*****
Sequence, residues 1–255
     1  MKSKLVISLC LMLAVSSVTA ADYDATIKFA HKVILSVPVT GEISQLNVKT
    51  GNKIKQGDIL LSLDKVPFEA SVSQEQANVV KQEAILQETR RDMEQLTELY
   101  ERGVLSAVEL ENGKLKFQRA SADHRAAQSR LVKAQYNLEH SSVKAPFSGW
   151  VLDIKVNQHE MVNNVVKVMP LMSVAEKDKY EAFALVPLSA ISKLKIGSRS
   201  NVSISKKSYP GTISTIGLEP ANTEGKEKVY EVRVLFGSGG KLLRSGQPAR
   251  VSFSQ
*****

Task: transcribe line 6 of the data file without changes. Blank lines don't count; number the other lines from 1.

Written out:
   201  NVSISKKSYP GTISTIGLEP ANTEGKEKVY EVRVLFGSGG KLLRSGQPAR